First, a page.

The State Mine fire, which destroyed five homes and 56,000 hectares of bush last October, was started when anti-tank ammunition was detonated on a day of high fire danger at the Marangaroo Training Centre.
A report into the fire, released last week, found that live-firing exercises on days of high fire danger rating or above were prohibited, but a ranger at the centre had wrongly given the go-ahead.
The officer "did not have the authority" to do so, the report said.
Five homes were lost in the State Mine fire - two in Mr Irvine, two in Clarence and one in Scenic Hill near Lithgow.
Ben Hardwick, a litigation lawyer with Slater and Gordon, said the findings should speed up the compensation process.
"With this clear breach of the ADF's duty of care, local residents should now progress their claims and be compensated for the damage that was caused to their properties," he said.
"What we now know is that the extremely dry and windy weather conditions were not adequately considered by Defence personnel before they decided to explode ammunition.
"As a result of that poor judgement, residents and landowners lost their homes and possessions.
"They have a right to be angry - this was a fire which should never have occurred and they should now be fully compensated."
The report found that personnel had been learning how to dispose of high-explosive ammunition on October 16 when "kickout" from the detonation started the fire.
They tried to put it out until unexploded ordnance started exploding around them. The RFS was then called but declined to enter the training ground because of the danger. This was "entirely reasonable", the report said.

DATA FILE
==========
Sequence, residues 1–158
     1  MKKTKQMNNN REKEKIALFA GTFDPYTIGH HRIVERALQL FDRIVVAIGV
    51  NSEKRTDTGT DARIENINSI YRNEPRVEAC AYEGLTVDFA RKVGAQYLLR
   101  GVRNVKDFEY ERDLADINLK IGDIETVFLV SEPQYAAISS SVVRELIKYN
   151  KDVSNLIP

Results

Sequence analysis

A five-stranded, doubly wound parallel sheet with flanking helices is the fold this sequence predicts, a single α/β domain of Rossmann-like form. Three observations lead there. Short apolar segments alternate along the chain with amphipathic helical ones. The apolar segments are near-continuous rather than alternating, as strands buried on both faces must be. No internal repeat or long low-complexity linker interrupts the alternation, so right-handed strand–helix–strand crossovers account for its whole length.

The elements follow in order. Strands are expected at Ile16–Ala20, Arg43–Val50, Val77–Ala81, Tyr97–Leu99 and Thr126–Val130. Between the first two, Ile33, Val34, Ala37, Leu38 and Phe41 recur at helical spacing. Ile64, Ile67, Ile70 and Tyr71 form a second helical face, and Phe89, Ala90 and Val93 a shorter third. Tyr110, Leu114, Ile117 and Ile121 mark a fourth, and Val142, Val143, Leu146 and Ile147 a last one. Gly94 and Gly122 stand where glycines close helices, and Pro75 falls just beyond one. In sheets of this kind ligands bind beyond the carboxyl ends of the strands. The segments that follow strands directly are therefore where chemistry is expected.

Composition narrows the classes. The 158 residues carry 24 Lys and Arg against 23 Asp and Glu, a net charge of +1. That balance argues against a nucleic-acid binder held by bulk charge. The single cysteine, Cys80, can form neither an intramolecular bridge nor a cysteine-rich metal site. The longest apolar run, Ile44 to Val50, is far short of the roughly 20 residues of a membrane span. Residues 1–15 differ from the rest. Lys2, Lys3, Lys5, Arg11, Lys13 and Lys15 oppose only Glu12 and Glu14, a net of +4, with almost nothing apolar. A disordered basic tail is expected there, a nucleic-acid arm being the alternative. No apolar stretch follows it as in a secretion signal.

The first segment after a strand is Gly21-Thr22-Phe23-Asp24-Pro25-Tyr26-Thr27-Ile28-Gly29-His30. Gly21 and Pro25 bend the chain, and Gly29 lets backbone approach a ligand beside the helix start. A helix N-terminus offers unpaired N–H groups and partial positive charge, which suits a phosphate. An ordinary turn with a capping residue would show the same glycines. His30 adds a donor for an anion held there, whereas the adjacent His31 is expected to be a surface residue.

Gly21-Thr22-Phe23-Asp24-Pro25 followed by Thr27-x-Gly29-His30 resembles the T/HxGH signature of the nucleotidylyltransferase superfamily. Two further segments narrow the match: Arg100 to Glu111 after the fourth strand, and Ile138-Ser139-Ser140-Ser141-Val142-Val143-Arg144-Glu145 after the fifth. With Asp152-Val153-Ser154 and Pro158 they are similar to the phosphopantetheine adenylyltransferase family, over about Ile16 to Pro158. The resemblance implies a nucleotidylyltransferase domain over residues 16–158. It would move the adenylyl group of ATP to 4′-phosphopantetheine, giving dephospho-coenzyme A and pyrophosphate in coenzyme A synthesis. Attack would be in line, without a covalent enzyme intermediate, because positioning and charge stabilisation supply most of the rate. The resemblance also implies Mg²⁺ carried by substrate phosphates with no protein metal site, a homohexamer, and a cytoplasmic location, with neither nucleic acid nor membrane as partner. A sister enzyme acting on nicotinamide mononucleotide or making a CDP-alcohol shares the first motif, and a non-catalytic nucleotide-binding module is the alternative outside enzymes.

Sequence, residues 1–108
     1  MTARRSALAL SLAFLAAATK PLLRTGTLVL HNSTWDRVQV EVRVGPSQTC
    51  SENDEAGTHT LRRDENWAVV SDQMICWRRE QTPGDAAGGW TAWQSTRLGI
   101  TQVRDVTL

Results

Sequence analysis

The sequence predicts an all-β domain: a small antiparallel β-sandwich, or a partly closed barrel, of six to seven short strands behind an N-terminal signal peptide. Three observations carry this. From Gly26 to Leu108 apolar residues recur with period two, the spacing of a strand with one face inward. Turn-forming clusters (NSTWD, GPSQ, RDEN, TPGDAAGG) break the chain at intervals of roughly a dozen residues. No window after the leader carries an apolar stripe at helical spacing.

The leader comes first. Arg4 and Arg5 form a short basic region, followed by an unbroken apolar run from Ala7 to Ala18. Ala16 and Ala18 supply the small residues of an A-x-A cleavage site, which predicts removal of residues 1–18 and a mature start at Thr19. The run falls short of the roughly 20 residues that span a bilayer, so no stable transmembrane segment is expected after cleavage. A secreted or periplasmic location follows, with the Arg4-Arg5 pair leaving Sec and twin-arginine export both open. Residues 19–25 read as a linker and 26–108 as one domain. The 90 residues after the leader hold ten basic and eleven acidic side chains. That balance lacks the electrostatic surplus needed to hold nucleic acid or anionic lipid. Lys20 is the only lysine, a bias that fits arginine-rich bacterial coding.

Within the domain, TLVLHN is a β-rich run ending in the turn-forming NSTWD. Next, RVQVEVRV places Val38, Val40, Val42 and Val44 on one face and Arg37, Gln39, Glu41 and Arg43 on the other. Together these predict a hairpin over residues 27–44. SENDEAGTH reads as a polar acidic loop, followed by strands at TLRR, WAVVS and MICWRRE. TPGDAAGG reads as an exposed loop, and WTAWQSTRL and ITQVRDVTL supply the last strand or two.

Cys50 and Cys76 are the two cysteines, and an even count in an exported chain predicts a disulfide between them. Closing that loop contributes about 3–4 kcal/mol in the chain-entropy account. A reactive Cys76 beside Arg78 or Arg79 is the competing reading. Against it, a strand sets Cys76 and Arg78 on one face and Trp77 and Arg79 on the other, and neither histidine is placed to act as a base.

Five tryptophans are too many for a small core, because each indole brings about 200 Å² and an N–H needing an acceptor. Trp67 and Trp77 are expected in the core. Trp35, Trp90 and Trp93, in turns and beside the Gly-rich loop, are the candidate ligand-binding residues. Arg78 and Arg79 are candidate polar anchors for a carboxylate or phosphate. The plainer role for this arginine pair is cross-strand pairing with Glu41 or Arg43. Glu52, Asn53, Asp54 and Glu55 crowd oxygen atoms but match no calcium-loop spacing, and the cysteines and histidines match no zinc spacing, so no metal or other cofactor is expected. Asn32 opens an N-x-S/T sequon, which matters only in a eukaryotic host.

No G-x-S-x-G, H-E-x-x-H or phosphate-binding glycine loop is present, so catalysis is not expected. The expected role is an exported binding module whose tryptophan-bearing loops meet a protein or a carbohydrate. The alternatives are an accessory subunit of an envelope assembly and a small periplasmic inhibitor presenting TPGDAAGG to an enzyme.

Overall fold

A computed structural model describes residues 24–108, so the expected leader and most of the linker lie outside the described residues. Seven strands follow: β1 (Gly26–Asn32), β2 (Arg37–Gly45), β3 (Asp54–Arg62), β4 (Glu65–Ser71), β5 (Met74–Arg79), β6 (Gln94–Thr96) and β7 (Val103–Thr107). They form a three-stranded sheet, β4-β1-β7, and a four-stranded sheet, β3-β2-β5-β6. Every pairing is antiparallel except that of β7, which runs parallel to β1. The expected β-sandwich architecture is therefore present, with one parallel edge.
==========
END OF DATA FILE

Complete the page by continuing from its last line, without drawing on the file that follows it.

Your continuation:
It also found that no hazard reduction had been done at the site for at least 20 years and that the fire-fighting vehicle at Marangaroo wasn't capable of "providing an effective response" because it had a limited ability to either carry or spray a large quantity of water.
The report recommended that weather conditions be taken into account before any live firing exercises are undertaken in the future, and that Defence work with the RFS to address hazard reduction and bushfire response. It also made adverse findings against two individuals which will be referred to the head of Defence.
As well as the five houses, the Zig Zag railway also sustained enormous damage in the bushfire.
Michael Forbes, chief executive officer of the railway, said he had been conducting lengthy negotiations with the insurance group which is handling the claim against the Defence Department.
He received the good news just last week that the insurer is recommending an immediate part-payment.
"That should allow us to start clearing the site," he said.
Mr Forbes expected a six-figure payment to be approved quickly but there was still much more to be done to restore the burnt tracks, carriages and offices. Repairs to the track alone might cost nearly half a million dollars, he said.
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